So I used what I had on hand and that was business card magnets. But you could also use strip magnets if you have that. It took 6 business card magnets to complete this project. Both the boys are really excited to create words on the fridge. And it's even sparked Logan to create his first sentence for homework. He is suppose to write this is in homework book but to avoid tears over writing and to prove to his teacher that the kid is smart and knows what he is doing he is now allowed to do homework in other ways. Hence the picture below. Logan makes the sentence and then I hand him his camera and he takes the picture, I print it out and we tape it in his homework book. Wha-la..homework is fun again!
I am so in love with how it has turned out. Trash to treasures all this week..got some really awesome finds! Stay tuned!
1 cup peanut butter
1 small can of coconut milk (I always use the low fat version)
1/4 teaspoon cayenne pepper
dash of salt
dash of pepper
1/2 teaspoon dried basil
Put all items in a sauce pan and over medium heat whisk until it is creamy. It you want a thinner sauce add more milk, it's that simple. As you can see I served mine with green beans and leftover chicken breasts over rice. And if you have kids just skip the cayenne and I'm sure they will be members of the clean plate club tonight.
We are attending a birthday party for the son and daughter of a very dear friend of mine tomorrow. Her son is also on the autism spectrum and I knew I wanted to make him something that I wish I knew about when Logan was 3. So I made him a picture book. It's another tag book style, can you tell I am in love with these? The point of the book is to help Luke with language and cognitive thinking. When looking at the pictures the idea is to ask him questions like "where does a sea horse live?" Some children will point to the picture and say "there". Instead you want to teach him to answer "in the water/ocean/fish tank" etc. Another way to use the book is to have the child make up stories about the image they see, this is a major challenge for kids on the spectrum. And of course after working with the child he will then remember what the word seahorse looks like and will begin identifying that word in other stories and books...the start of reading for some kids on the spectrum. I took all the photos in the book and printed them on matte photo paper, so finger prints will never show, and adhered it to card stock. It's held together with a binder clip and the ribbon adds a bit of flare. I hope Luke likes his special book and that it helps him and his parents navigate the spectrum.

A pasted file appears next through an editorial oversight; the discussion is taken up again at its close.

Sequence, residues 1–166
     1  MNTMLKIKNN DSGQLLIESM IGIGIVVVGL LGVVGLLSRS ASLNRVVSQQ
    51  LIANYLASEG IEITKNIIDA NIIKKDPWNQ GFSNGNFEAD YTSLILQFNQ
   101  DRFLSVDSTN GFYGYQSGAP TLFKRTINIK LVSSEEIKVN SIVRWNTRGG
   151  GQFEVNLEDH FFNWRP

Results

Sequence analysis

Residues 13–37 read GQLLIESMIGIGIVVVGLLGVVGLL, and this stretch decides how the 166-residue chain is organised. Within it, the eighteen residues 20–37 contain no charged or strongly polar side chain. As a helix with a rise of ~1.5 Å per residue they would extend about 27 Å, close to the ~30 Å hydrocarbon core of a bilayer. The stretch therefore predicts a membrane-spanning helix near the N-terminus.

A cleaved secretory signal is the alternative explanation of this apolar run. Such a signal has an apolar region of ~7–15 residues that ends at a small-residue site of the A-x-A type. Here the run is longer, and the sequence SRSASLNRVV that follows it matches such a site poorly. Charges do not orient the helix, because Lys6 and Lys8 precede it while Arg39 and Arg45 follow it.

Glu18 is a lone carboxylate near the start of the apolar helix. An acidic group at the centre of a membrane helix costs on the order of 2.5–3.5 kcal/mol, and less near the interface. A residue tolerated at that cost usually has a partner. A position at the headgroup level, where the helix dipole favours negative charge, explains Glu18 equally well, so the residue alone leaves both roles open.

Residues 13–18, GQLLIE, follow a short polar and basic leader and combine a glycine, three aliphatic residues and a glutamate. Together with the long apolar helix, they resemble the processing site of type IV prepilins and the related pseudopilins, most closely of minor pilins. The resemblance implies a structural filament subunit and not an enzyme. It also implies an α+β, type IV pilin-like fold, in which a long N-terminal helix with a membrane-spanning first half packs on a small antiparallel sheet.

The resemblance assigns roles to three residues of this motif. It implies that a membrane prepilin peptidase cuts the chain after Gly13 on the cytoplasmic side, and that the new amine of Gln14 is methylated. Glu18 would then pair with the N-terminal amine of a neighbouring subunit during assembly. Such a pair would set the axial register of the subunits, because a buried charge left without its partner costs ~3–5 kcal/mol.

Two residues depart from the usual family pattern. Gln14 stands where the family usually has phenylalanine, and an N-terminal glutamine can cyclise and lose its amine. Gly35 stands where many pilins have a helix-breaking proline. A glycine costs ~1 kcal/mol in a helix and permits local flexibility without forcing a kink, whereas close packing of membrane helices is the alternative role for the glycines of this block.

1/2 cup canola oil
1/2 cup sugar
1/2 cup brown sugar
1/2 teaspoon xanthan gum
1/2 teaspoon gluten free baking powder
3/4 teaspoon salt
1 1/4 cups of quinoa flakes
1/2 cup brown rice flour